Which foods to eat for a good nights sleep

Which foods to eat for a good nights sleep Thrive Health & Nutrition Magazine

Good nutrition is essential for fueling our bodies and sustaining us through the day. It is equally important to power us down at night and positively influences our quality of sleep.

Research has shown that both, insufficient and excessive sleep is associated with an increased risk of type 2 diabetes, cardiovascular disease, weight gain and mental health problems. So, knowing the right food to consume for optimal sleep duration, which is considered to be around 7-8 hours each night, is not just necessary – it’s key.

Below are some foods that may help you have a good nights sleep and reduce the onset of sleep disturbances.

Tomatoes are a good source of lycopene. Lycopene is an antioxidant and carotenoid, which is responsible for giving many fruits and vegetables their reddish colour. A study has shown that consumption of foods containing lycopene is linked with promoting better sleep patterns. Furthermore, another study has shown that people who get, on average 7-8 hours sleep per night, tend to consume more lycopene. Lycopene can also be found in watermelon, grapefruit and sweet red peppers.

Oily fish
A 2016 study showed that oily fish consumption is linked with better sleep quality. It was also shown that individuals who consumed more than the recommended amount of fish had a further improvement in the quality of sleep. A healthy diet should include at least two portions of fish a week, including one of oily fish. Examples of oily fish are tuna, mackerel and salmon. Consumption of salmon is also known to help regulate sleep cycles. It contains vitamin B6, which is involved in serotonin production.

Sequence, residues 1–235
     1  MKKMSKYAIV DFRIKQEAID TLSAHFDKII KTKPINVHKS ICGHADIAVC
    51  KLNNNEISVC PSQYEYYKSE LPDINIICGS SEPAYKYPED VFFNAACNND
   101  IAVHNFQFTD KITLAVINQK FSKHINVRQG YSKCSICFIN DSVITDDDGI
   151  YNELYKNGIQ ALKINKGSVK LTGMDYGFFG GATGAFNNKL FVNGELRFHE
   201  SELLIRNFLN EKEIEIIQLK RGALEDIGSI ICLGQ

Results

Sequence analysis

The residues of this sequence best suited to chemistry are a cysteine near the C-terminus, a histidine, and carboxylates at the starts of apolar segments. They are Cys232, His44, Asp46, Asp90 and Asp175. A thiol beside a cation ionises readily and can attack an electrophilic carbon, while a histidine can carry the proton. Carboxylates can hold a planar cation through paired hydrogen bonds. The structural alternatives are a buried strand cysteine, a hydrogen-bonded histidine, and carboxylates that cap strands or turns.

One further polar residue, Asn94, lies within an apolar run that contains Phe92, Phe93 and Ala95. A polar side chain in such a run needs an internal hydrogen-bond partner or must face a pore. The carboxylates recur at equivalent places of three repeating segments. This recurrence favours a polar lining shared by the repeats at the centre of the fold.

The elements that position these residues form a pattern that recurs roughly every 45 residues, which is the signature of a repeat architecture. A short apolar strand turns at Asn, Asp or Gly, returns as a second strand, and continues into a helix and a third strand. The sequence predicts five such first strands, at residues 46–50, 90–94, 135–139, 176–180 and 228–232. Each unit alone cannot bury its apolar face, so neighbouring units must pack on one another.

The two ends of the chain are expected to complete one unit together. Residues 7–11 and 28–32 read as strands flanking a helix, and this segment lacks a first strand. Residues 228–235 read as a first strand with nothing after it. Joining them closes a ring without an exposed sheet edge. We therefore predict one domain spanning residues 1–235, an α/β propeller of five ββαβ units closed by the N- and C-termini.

Knowing the right food to consume for optimal sleep, which is considered to be around 7-8 hours each night, is not just necessary – it’s key.

Brazil nuts
Whilst the link between brazil nuts and sleep quality is limited, brazil nuts are excellent sources of minerals like magnesium and selenium and studies have shown the possible links between, magnesium levels and sleep regulation. Researchers demonstrated that adults with chronic sleep deprivation had low magnesium concentration. Decreased levels of selenium in adults has also been linked with very short sleep duration (less than 5hrs).

Green leafy vegetables
Green leafy vegetables contain high levels of iron, which is needed for the production of red blood cells and energy production. Low iron levels has been shown to be linked to sleep disorders, such as restless leg syndrome (RLS), periodic limb movement disorder (PLMD) and insomnia. Individuals with RLS or PLMD will often have jerking movements during their sleep and wake up tired despite a full night’s sleep. Try and increase your intake of green leafy vegetables including; spinach, kale and pak choi.

Consuming yoghurt may help facilitate the process of melatonin production as it contains calcium and tryptophan, which are both required for this action. Melatonin is considered as the ‘sleep hormone’ and helps to regulate sleep cycles.

Jasmine rice
Researchers investigated the effect that different glycemic index (GI) of various rice options had on sleep quality. They found that those who consumed Jasmine rice (high GI) four hours before bedtime fell asleep significantly faster, compared to those who consumed a low GI option such as Mahatma rice. It was implied that the high amount of insulin produced by high-GI meals increased the ratio of sleep-inducing-amino acid tryptophan in relation to other amino acids in the blood, allowing more to get into the brain.

Consuming yoghurt may help facilitate the process of melatonin production as it contains calcium and tryptophan.

As a whole, you should aim to achieve a healthy balanced diet daily, which will provide you with key nutrients to enhance your quality of sleep. Also, make sure that your sleep environment is dark, peaceful and free from all electronic devices. Leave the phone in the office and get a good nights sleep.

Article from:Tai Ibitoye, BSc (hons), MSc, FRSPH  from: www.enhlife.org


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